We judge someone’s greatness by the size of the obstacles he overcomes. Climbing Mount Everest brings glory to the climber and testifies to his greatness precisely because of the mountain’s enormity. An athlete who pole-vaults ten feet does nothing amazing. But one who pole-vaults twenty feet makes history. People still celebrate the U.S. hockey team’s “miracle on ice” in 1980 because of the greatness of their Soviet opponent.
So it is with the drama of redemption. Sin and death, the Fall and the Curse, Satan and his demons, the Hell we deserve—what powerful obstacles for God to overcome. But the biggest obstacle was the satisfaction of His own holiness. For God to demonstrate His greatness, He had to overcome all these obstacles.
The greater the obstacles, the greater the glory to God.
We see something remarkable about a person who can bring some good out of bad. But most remarkable is to bring something incredibly good out of something desperately bad. To redeem what appears irredeemable magnifies the greatness of the Redeemer. If the universe exists to demonstrate God’s infinite greatness, then shouldn’t we expect God to scale the highest redemptive mountain? The problems of death, evil, and suffering must be vast in order for God to show His far superior greatness.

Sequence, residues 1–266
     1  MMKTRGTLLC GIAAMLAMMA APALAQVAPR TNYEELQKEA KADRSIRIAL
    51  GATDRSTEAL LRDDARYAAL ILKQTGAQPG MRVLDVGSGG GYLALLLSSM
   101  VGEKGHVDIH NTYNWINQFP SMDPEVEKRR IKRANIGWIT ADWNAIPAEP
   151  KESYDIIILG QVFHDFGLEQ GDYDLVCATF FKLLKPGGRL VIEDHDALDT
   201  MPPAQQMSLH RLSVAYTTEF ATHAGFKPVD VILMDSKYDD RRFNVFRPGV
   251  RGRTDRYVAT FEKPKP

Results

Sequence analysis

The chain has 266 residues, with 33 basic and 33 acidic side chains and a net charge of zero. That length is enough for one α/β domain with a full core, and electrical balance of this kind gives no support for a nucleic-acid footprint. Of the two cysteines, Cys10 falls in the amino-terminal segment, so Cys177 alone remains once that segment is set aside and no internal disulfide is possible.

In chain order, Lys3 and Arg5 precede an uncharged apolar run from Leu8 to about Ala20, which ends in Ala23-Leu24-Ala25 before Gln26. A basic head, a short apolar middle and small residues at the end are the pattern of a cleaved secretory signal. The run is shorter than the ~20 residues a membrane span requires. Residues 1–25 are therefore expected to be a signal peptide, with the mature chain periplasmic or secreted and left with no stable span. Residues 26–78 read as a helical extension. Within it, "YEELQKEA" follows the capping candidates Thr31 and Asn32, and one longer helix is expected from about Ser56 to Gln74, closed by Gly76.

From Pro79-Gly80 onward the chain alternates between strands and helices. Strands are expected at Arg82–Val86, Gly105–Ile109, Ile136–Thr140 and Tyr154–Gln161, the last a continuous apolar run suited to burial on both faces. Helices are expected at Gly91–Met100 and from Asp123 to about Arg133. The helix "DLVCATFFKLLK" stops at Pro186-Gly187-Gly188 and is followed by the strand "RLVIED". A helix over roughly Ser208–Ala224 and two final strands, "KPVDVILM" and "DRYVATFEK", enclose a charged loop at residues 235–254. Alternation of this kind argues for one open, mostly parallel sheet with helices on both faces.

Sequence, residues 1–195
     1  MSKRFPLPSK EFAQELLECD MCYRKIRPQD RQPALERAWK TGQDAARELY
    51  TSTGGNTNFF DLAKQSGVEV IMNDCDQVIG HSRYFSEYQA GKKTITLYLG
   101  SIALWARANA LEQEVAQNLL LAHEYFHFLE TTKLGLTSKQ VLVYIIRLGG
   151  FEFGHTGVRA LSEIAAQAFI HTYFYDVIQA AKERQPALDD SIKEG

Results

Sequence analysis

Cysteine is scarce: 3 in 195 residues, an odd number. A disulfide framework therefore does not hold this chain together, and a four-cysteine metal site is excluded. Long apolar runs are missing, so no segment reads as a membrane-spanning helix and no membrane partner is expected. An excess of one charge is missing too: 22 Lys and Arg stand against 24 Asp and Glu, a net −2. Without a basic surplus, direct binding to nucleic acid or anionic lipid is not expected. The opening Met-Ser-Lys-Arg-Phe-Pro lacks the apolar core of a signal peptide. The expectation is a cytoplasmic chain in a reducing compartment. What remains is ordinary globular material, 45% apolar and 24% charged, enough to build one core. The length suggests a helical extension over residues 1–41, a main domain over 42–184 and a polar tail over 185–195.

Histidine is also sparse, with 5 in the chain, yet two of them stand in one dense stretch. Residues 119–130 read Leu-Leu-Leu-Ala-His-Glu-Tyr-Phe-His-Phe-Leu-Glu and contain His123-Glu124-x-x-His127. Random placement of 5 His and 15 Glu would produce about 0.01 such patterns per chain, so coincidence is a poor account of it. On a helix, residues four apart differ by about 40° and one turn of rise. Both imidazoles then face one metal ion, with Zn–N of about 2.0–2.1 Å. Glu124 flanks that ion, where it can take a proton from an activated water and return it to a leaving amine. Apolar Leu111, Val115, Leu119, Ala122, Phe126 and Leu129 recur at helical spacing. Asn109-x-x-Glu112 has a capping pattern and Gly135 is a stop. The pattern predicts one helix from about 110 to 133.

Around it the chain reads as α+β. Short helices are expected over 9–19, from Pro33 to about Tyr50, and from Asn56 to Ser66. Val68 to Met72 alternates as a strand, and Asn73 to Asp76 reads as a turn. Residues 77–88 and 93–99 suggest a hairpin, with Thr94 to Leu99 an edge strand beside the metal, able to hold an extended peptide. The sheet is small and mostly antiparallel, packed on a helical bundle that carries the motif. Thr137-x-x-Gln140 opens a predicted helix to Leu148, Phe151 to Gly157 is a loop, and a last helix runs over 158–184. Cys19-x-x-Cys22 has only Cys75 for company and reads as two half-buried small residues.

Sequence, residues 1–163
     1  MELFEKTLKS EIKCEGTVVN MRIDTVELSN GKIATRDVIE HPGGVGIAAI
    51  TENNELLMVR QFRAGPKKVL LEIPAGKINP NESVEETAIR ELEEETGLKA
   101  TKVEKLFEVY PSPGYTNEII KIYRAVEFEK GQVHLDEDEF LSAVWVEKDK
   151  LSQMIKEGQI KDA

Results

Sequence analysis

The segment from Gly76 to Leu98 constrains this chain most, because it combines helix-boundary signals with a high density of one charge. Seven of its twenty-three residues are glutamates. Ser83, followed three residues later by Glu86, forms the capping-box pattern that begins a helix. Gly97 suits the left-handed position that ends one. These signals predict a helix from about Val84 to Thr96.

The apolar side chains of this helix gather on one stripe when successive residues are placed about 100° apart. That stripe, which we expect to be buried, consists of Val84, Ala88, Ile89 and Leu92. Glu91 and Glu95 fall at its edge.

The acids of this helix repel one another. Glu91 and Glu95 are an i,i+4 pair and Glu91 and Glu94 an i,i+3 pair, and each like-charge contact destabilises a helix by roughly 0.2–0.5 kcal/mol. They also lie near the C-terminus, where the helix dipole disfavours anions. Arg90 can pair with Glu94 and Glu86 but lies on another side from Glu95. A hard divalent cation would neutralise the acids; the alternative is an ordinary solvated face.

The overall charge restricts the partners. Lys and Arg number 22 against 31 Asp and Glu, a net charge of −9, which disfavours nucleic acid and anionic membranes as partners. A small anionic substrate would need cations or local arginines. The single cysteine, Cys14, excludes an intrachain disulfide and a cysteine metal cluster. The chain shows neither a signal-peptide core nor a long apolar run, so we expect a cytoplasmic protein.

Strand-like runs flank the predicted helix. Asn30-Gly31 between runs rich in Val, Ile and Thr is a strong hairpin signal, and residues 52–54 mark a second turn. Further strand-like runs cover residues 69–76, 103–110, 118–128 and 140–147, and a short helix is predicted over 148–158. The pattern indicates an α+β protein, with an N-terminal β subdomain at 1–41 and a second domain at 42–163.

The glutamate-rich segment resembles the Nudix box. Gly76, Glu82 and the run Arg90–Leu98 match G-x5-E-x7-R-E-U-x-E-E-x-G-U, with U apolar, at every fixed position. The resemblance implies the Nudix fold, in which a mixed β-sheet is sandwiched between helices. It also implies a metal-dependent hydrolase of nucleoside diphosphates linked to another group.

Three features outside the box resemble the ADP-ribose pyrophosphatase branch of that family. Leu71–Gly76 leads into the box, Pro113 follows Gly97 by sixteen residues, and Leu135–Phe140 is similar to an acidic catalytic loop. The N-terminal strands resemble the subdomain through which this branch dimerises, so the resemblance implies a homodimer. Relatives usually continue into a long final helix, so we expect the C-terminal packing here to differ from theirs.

Every time we ask God to remove some obstacle in our lives, we should realize we may be asking Him to forgo one more opportunity to declare His greatness. Certainly He sometimes graciously answers our prayers to relieve our suffering. This too testifies to His greatness, and we should praise Him for answering. But when He answers no, we should recognize that He desires to demonstrate His greater glory. May we then bend our knees and trust His sovereign grace.
For more related to the subject of suffering, see Randy’s book If God Is Good, as well as the devotional 90 Days of God’s Goodness and book The Goodness of God (a specially focused condensation of If God Is Good, which also includes additional material).